Land snails are generally believed to be ground-dwelling creatures, preferring dark and humid places, like the forest floor, or a suburban garden. So why do we find some species of snails in the tops of trees, where it is relatively light and dry? Associate Professor Ikuyo Saeki from the University of Tsukuba, Japan and her colleagues from Hokkaido University and other institutions, have performed some fascinating research to find out why.
Prof. Saeki wanted to know what drives animals to leave the ground, defying gravity to live in the tree tops. Is it because there are fewer predators, or less competition with other animals? Is there more, or better, food? Some studies suggest that tree-dwelling species live longer than ground dwellers, but this idea, along with the others, is not easy to test in a natural environment. That's when Prof. Saeki and her colleagues decided to enlist the help of a Japanese tree-climbing land snail. These snails, Sapporo mai-mai (Euhadra brandtii sapporo), live in a small area in the southern part of Hokkaido Island, Japan, in a cool, wet forest, full of trees such as oak and maple. During winter, the snails hibernate on the ground in the leaf litter, moving into the tree tops in the spring and then coming back down to earth in autumn.
To find out why the snails leave the dark, humid earth for the light, dry canopy, Prof. Saeki and her colleagues observed the snails in the trees from tall observation towers, as well as on the ground, during different seasons of the year. They compared the snails' activities with those of the ground-dwelling carabine beetle, known to eat land snails. The temperature and humidity of the tree canopy was measured and compared to that of the ground. They also devised a clever way to compare survival rates of snails in the trees and on the ground. Snails were collected from the forest and taken back to the laboratory where a piece of string was tied securely around the shell. The snails were then returned to the forest and either tethered high up to trees, or to the ground. To work out what the snails eat, the researchers analyzed the carbon and nitrogen ratios in their bodies and compared them to other, land-dwelling snails who lived in the same forest. Infrared cameras were also used to record what types of animals were eating the snails. The results of this research have been published recently in the leading international journal Animal Behaviour.
It turns out that by climbing into the trees in early spring, the snails avoid being eaten by the beetles, who are most active in summer. In fact, the survival rates of the snails in the trees were remarkably higher than those on the ground, in some cases almost double at the end of the two-week experiment. The video recordings revealed that raccoon dogs and rodents were among the culprits that ate the snails on the ground.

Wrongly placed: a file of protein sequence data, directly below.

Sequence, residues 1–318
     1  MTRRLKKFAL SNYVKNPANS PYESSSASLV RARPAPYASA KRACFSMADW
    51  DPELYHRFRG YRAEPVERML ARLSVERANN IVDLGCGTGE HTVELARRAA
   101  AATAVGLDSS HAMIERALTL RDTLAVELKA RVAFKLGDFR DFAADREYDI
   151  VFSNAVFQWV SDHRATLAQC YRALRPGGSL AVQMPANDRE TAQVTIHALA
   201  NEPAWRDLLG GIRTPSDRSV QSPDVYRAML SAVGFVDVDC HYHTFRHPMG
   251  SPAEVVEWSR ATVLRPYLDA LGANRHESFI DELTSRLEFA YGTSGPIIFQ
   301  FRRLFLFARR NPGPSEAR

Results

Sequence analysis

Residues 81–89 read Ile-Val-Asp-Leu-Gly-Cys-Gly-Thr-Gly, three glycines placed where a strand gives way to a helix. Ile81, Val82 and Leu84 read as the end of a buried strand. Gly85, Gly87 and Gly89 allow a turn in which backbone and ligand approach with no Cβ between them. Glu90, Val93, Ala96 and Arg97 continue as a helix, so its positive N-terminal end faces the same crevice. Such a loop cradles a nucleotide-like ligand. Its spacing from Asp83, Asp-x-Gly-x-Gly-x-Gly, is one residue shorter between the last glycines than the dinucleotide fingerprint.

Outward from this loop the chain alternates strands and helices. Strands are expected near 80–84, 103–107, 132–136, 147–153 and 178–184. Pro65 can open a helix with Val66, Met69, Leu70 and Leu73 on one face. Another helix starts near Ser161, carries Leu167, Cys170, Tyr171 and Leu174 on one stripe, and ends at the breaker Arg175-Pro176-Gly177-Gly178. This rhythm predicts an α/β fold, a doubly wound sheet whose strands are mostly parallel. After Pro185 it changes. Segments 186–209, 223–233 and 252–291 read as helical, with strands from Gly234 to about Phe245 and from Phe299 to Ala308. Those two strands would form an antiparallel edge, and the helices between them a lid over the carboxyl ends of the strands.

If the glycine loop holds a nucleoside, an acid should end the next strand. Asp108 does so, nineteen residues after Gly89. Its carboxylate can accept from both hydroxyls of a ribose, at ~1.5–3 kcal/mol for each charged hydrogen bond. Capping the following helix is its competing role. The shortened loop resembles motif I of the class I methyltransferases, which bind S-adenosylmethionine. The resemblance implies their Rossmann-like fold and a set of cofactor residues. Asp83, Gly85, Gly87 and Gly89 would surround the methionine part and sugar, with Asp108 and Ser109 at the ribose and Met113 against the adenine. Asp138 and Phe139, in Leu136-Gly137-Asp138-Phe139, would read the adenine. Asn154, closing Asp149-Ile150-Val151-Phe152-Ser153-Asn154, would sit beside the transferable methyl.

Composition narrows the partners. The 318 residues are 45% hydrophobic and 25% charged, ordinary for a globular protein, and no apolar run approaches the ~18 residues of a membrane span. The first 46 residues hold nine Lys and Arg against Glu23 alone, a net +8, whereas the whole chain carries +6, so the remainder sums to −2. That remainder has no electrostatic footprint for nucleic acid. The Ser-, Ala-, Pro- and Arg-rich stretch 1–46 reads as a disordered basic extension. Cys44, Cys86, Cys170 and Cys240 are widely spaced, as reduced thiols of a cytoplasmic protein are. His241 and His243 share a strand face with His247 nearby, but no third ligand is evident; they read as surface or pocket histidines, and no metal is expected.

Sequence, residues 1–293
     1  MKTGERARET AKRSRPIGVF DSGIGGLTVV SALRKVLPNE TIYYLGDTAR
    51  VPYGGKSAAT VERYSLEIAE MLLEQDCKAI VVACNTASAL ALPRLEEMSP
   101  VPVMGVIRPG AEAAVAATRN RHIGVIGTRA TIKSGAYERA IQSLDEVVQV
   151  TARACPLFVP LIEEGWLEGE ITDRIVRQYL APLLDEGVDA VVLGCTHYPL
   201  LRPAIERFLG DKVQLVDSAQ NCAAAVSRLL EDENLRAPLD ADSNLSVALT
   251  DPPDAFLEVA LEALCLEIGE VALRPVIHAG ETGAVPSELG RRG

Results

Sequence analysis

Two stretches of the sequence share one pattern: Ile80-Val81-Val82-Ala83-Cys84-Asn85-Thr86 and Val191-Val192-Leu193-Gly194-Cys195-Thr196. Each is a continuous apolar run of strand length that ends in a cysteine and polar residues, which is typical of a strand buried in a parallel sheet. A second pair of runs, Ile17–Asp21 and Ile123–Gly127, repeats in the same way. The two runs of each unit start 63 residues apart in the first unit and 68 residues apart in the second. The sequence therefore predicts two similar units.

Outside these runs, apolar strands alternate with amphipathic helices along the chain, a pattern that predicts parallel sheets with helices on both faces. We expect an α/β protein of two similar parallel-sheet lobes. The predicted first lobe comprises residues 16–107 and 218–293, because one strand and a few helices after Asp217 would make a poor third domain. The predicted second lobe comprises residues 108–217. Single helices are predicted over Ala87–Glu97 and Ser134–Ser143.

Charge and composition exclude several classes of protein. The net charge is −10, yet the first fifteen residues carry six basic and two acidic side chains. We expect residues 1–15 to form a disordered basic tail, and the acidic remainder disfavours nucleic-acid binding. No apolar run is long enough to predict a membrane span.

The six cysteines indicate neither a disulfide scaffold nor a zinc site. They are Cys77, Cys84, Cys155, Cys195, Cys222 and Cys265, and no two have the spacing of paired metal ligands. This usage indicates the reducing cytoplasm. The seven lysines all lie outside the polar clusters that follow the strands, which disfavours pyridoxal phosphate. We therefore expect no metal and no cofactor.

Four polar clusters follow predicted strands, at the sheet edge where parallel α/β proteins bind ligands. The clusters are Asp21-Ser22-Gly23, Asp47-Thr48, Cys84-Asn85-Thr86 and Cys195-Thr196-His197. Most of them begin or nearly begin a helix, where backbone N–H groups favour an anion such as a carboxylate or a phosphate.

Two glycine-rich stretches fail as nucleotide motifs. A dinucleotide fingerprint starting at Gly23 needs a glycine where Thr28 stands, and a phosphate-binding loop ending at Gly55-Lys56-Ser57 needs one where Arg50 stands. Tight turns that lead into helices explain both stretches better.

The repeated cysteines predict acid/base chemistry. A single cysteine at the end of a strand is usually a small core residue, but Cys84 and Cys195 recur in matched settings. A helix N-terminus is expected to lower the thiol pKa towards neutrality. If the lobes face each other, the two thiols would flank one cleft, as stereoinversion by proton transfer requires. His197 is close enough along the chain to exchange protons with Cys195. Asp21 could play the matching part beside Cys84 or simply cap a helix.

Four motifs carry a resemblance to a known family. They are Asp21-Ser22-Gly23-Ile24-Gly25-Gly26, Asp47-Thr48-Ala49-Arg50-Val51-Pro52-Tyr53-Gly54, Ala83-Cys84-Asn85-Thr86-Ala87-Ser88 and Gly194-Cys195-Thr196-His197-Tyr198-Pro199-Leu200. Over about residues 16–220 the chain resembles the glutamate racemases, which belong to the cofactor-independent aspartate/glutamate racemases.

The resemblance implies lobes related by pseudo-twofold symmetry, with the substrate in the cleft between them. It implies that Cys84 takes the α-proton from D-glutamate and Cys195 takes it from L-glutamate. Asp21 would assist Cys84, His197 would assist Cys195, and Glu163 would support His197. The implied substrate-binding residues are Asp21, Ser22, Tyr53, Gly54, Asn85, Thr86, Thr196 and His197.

It also appears that the tops of trees are not as dry as one would think. In fact, during the time when the snails were present over summer, the humidity was a comfortable (if you're a snail) 80%. In winter, however, the temperature dropped to as low as -18°C, low enough to kill the snails. By this time of year, the snails have already climbed down and are hibernating in the leaf litter under the snow, enjoying much warmer temperatures of at least -5°C.
The menu in the tree tops is different to that on the ground too. The tissue analysis of the snails revealed that tree-dwelling snails most likely eat epiphytic lichens and mosses that are abundant in the canopy, whereas the ground-dwelling snails eat forest leaf litter.
The Sapporo mai-mai snail thus defies gravity to live high up in the humid tree tops in summer, among the lichens and mosses, safe from the escargot-eating beetles, racoon dogs and rodents on the ground below. Prof. Saeki, a faculty member of the Certificate Programme on Nature Conservation, which was established at the University of Tsukuba, hopes that studying forest trees and the animals that live within them, like the Sapporo mai-mai, will help us to understand and subsequently, to conserve, utilize—and co-exist with—nature.
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Ikuyo Saeki et al. Adaptive significance of arboreality: field evidence from a tree-climbing land snail, Animal Behaviour (2017). DOI: 10.1016/j.anbehav.2017.02.022